TORONTO, CANADA: I glance up over my notes. Julia Roberts is shooting me the same look of endearment Julianne gave George as she stood in her lavender dress at Michael and Kimmy’s wedding reception in the 1997 film My Best Friend’s Wedding. Black blazer. Navy polish. The Academy Award-winning actress’ amber brown eyes are smiling, her expression is in repose and she nods gently – encouragingly even – signalling me to “go on”. A faint squint is offset by that pretty little beauty spot underneath her right eye. In a decade of interviewing high-profile names, I’ve never been caught out by the awe of some old-fashioned movie star incandescence quite like this.
“That’s hard-hitting!” Roberts jokes in reply to my question. She does so while cuing her co-star Kathryn Newton beside her. “That is a very good question.” It wasn’t, really. But after sitting through hours of press interviews in a ballroom inside the InterContinental Hotel for her new film – a compelling family drama titled Ben Is Back – my question was different. In what is being touted one of the most powerful Oscar-worthy performances of her career, Roberts plays a desperate and devoted mother of a drug-addicted son. When 19-year-old Ben (rising star Lucas Hedges) returns home from rehab on Christmas Eve, Holly (Roberts) is ecstatic to have her son back even if her daughter Ivy (Newton) and husband Neil (Courtney B. Vance) are not. Urgent and raw, the film explores a turbulent 24 hours as Holly scrambles to keep Ben clean and shows the unfathomable lengths a mother will go to to protect her own. The bond between Holly and Ivy is special, I note to Roberts and Newton; when they can’t tell Neil the truth, they can always tell each other. So how did Roberts and Newton connect prior to filming?
“Julia really welcomed me into her home,” says Newton. “She made me feel like I could be free with her and open, and I think that helped our relationship.”
“Did Reese Witherspoon do that?” I interject to Robert’s surprise and her aforementioned “that’s hard-hitting” response. (Newton played Witherspoon’s daughter is the hugely successful television series Big Little Lies.)
“I did not have a weekend at Reese’s house with her kids and dogs and where we were pretty much on top of each other every day,” Newton admits with a smile. “[Julia] really created that warm environment. She gave me a lot of love and was really generous with all of us, from the crew to the cast. I feel like I can talk to her.”
“You just didn’t have to do that,” Newton adds, musing to Roberts. The 51-year-old actress smiles wide.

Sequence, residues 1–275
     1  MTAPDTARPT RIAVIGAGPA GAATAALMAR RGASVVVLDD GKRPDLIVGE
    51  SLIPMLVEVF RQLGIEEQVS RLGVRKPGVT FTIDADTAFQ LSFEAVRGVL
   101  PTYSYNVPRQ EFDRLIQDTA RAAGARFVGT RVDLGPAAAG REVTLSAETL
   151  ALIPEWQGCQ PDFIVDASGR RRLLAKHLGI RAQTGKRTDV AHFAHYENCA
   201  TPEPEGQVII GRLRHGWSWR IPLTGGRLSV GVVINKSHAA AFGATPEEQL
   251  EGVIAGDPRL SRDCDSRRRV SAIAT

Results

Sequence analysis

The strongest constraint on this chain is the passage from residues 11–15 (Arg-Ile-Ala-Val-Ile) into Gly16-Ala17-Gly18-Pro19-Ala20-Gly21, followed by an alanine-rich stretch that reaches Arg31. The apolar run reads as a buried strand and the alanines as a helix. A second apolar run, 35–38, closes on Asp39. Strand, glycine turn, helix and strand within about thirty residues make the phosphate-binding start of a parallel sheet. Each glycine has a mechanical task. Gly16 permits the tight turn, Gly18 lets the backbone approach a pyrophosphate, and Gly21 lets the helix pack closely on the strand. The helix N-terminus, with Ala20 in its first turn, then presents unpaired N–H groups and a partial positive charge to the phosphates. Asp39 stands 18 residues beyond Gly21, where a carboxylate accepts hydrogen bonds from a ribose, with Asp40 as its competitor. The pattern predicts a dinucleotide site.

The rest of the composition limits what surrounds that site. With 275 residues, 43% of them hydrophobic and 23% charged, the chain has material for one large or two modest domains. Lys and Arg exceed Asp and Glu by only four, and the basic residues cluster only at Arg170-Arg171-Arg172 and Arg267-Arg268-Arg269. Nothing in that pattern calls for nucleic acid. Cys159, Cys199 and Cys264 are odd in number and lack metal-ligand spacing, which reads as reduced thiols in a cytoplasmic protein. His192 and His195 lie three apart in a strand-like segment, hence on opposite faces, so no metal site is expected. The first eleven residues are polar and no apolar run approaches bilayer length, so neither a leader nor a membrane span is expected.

Upon Ben’s return, the medicine cabinet needs to be cleared, his pockets – and shoes – need to be routinely checked and Holly’s jewellery stored away. What hits hard about observing the Burns family is that it’s not the exception. This is the extremely sad reality for a lot of families in America. In fact, according to the National Institute On Drug Abuse website, more than 130 people in the United States die every day after overdosing on opioids. What, too, needs to be understood is most of these people don’t start out as recreational drug-takers. In the late 1990s, pharmaceutical companies reassured the medical community that patients in chronic pain would not become addicted to prescription opioid pain relievers. As a result, they were prescribed at greater rates and were found to actually be highly addictive. In 2017, more than 47,000 Americans died of an opioid overdose, that number concentrated in the mid-Western regions. Between 2016 and 2017, opioid overdoses increased by 30 percent in 45 states. It’s an epidemic but as this film shows, it’s a brutally heartbreaking experience for the families of those addicted. There is an incredibly powerful scene in the film where Holly pleads with Ben in an icy cold graveyard. “Just tell me where you would like me to bury you, Son,” she says.
“I was so delighted by something being written about an entire family,” explains Roberts. “Even when Holly is putting her little children to bed and they are scared and crying and the dog is missing… I just think you need to see it from all the sides to really appreciate a story like this. That’s what drew me to the script.”
Roberts, a mother of three children (twins Hazel and Phinnaeus, 14, and Henry, 11) says she never puts herself in her character’s shoes. “I did a film called Secret In Their Eyes [in 2015] and my character’s daughter is violently murdered and my whole pact with myself at that point was to say ‘I don’t relate to this as parent, I relate to it as an artist and I relate to it within the constructions of my feelings about my own mother or my feelings of being a mother but not as it relates to my own children‘,” she explains. “It just becomes very complicated and unsafe I think. Tom Hanks would never wear his wedding ring as a married person in a movie because it’s separate, it’s a different ring.”